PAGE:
Thursday, June 16, 2011

Islamophobia intensifies in America

Islam Times
A witch hunt takes place…and the Muslims are the target

Muslim scapegoating has been a chronic problem for a long time but it came to a head when Republican Peter King, the chairman of the House Homeland Security Committee and his supporters called for and held a hearing on the radicalization of U.S. Muslims. He claimed that the hearing was necessary because there were growing concerns about the increase in “home grown terrorism” that was being backed by Al Qaeda and other radical Muslim groups. He also leveled accusations that the Muslims were not cooperating sufficiently with the anti-terrorism efforts being made by the government.

King and his cohorts in the government stood their ground when their plan was opposed by a large number of democrats. Political and social ultra-conservatives outside the government came forward in large numbers to support the issue. At the same time Civil rights and humanitarian groups came out in full force against the hearings saying that they were not “anti-terrorist” but were clearly “anti-Muslim”. Americans are seldom passive about any issue they feel might affect their rights and their personal lives. So as is customary, groups on both sides of the controversy stood up and gave strong support to what they want to see happen and why they feel it is important. Whatever their stance, Americans don’t like to see anyone’s civil rights violated not only because they believe in upholding justice but because they realize that their rights might be the next ones to be taken away.

The planned hearing was so controversial that the American Civil Liberties Union gave a strong warning to the committee members and advised them to stay within the guidelines of the First Amendment. The ACLU made a formal statement saying that “Singling out a religious community’s loyalty to the United States is misguided, counter- productive and discriminatory”. Democrats and citizens rights groups stood up against the hearings calling them discriminatory and hostile to the Muslim community and that a positive outcome of any kind would be impossible. There were many other supporters who claimed that the hearing was nothing but a terrorist act against the Muslims as the sole target and that the government should be focusing on all threats to homeland security rather than discriminating against one group.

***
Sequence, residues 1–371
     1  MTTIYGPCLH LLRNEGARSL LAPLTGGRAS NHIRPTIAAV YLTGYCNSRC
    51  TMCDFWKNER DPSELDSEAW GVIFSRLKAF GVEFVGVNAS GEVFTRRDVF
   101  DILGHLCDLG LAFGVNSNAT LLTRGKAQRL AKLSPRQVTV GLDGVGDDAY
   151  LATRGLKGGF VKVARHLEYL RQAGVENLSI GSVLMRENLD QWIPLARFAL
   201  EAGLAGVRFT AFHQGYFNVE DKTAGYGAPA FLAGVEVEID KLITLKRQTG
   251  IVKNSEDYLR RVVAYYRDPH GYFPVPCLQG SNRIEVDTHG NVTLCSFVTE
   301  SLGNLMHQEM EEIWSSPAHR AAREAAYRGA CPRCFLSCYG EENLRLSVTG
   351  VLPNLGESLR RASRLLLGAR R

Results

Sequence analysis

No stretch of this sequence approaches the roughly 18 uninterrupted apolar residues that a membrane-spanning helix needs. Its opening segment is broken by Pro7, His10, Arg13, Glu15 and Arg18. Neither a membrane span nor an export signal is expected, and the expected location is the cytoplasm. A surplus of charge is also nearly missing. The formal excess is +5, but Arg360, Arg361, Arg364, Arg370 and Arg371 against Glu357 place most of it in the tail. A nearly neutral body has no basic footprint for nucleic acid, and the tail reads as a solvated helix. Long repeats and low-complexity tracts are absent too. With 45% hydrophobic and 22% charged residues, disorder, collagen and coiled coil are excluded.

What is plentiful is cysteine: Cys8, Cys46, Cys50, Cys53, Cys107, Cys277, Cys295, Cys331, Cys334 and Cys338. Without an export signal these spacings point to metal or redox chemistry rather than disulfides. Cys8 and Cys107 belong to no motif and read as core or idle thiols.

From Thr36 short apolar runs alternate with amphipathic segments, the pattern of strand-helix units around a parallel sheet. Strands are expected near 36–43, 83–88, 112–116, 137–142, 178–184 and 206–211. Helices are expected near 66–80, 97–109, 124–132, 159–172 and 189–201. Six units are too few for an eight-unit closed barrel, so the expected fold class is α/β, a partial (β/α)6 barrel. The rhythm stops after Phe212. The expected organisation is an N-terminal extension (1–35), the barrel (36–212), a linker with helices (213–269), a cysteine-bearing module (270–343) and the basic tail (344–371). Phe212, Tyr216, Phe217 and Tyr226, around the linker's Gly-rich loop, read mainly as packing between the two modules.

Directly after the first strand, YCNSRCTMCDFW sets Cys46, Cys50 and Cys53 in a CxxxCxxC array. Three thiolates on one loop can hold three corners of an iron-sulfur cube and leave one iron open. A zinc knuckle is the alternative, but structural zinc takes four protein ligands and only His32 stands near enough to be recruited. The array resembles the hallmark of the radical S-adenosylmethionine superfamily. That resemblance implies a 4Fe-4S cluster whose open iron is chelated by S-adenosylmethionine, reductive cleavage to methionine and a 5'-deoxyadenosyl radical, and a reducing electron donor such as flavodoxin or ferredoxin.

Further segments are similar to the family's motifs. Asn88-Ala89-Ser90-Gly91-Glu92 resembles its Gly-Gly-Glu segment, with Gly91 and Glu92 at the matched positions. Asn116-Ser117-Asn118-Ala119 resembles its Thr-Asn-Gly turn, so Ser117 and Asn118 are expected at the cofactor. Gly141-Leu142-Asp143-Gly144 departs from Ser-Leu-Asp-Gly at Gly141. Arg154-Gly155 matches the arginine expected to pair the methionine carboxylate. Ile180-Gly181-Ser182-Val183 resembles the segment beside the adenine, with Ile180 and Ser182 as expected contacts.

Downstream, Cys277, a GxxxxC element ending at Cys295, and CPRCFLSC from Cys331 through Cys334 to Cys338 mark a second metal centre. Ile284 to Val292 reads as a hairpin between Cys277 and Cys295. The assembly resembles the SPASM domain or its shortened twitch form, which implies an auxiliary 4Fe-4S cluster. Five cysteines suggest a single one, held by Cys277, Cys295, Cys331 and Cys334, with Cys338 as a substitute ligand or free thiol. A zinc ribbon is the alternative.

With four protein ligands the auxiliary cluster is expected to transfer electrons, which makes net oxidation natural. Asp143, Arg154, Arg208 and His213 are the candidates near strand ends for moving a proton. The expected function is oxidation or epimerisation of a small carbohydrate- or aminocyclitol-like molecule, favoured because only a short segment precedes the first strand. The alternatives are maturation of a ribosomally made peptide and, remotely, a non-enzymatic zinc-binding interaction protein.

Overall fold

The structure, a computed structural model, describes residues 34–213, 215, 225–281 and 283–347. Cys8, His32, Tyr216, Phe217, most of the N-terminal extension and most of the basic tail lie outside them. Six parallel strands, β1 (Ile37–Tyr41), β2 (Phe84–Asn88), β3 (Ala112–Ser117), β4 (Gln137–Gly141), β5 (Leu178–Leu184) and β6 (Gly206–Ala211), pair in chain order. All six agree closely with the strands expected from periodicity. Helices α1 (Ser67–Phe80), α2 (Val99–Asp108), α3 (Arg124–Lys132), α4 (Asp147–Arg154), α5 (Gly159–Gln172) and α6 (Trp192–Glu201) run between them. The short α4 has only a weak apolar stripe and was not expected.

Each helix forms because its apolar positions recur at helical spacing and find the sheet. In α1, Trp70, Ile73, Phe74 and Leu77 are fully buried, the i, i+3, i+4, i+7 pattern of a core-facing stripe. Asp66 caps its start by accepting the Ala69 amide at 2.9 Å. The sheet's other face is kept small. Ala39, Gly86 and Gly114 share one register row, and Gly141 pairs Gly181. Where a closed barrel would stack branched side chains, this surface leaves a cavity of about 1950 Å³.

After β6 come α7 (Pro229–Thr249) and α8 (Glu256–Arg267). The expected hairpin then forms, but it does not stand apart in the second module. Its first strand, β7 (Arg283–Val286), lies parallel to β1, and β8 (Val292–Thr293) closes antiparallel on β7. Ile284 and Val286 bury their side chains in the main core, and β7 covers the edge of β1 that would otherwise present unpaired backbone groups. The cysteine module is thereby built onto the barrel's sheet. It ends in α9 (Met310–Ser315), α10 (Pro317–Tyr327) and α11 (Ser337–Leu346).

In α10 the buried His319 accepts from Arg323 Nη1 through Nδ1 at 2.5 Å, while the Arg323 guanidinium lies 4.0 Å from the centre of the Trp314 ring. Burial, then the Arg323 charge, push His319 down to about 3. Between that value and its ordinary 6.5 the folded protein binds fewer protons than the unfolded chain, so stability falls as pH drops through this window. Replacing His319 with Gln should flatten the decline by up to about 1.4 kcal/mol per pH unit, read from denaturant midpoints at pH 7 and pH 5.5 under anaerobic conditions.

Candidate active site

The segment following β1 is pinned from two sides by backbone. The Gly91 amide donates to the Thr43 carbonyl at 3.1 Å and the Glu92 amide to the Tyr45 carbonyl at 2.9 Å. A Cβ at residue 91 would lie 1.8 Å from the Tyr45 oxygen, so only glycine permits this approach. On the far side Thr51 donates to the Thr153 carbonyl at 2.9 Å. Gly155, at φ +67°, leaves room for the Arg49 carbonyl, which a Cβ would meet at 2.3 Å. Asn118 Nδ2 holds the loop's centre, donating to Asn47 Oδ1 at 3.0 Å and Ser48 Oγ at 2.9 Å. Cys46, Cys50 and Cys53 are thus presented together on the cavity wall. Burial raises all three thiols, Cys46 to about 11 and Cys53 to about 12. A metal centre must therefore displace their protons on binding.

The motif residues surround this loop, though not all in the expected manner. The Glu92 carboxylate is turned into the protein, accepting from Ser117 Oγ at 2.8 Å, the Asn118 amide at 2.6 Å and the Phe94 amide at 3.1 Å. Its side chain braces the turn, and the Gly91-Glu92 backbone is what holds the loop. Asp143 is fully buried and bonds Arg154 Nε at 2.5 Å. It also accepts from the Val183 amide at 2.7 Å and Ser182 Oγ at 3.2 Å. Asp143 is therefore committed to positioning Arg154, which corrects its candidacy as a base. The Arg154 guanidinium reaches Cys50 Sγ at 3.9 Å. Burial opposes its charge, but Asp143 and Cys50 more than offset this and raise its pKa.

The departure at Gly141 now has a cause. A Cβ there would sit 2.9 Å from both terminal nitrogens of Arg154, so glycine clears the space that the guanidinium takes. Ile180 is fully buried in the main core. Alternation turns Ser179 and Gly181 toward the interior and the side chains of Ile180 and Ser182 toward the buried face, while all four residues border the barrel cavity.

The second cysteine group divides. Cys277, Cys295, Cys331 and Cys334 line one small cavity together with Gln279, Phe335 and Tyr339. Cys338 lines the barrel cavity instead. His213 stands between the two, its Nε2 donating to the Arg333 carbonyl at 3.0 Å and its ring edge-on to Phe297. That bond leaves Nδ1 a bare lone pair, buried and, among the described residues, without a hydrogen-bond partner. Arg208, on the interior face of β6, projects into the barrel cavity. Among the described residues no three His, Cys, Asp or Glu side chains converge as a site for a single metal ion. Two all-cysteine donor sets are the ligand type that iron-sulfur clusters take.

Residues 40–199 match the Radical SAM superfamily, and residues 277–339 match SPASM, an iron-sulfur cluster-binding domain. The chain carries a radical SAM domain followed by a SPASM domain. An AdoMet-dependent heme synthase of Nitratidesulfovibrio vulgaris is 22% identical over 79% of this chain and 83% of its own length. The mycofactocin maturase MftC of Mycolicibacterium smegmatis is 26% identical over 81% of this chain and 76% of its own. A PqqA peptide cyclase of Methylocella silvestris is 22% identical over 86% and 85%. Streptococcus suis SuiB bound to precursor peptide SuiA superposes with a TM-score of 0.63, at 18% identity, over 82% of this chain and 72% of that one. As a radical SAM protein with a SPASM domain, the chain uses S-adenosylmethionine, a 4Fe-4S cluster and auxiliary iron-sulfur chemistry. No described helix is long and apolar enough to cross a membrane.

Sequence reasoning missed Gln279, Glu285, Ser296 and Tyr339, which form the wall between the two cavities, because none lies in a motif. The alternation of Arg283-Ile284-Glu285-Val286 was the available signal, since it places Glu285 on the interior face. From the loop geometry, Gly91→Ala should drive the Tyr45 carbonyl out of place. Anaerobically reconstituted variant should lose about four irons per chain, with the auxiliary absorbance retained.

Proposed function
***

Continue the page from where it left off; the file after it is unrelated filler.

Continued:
The hearings proceeded in spite of protests and the opposing sides presented their own defense. By the time the four hour hearing was over it was easy to see that King and his cohorts seemed to rely mostly on invalid statistics and broad generalizations about Muslims and their ‘terroristic’ attitudes and actions. They dramatized their position with broad emotional statements about the threat of home grown terrorists groups and how they were expanding and posing an increasing danger all over America. One commentator said that although they made strong statements, what they said seemed to have no basis in anything except their own minds and imaginations.

On the other side, Republican Richardson of California likened King to Senator Joe McCarthy who led the well known anti-Communist witch hunts of the 1950’s. Congressman and Republican, Keith Ellison, a Muslim, cried in front of the committee when he described the actions of a Muslim paramedic from New York who died while attempting to save victims of the 9/11 disaster. The Los Angeles County Sheriff, Leroy Baca who has been working on counterterrorism efforts for years made a strong statement. He cautioned the members of Congress that any group could be radicalized and that singling out one group as was being done to the Muslims was counter-productive. He made it clear that the Muslims in general had a good relationship with law enforcement agencies and were usually very cooperative.

When all was said and done, those who were against the hearing because of its discriminatory nature actually made a good showing in spite of or perhaps because of the opposition. Even in the face of all the evidence given in favor of not singling out the Muslims and labeling them as terrorists, King’s final statement was that there would be more inquiries held including one that would focus on radical Islam in America’s prisons. One Muslim’s response to the hearing was: “Looks like we’re the official scapegoat and it’s not going to get easier any time soon”.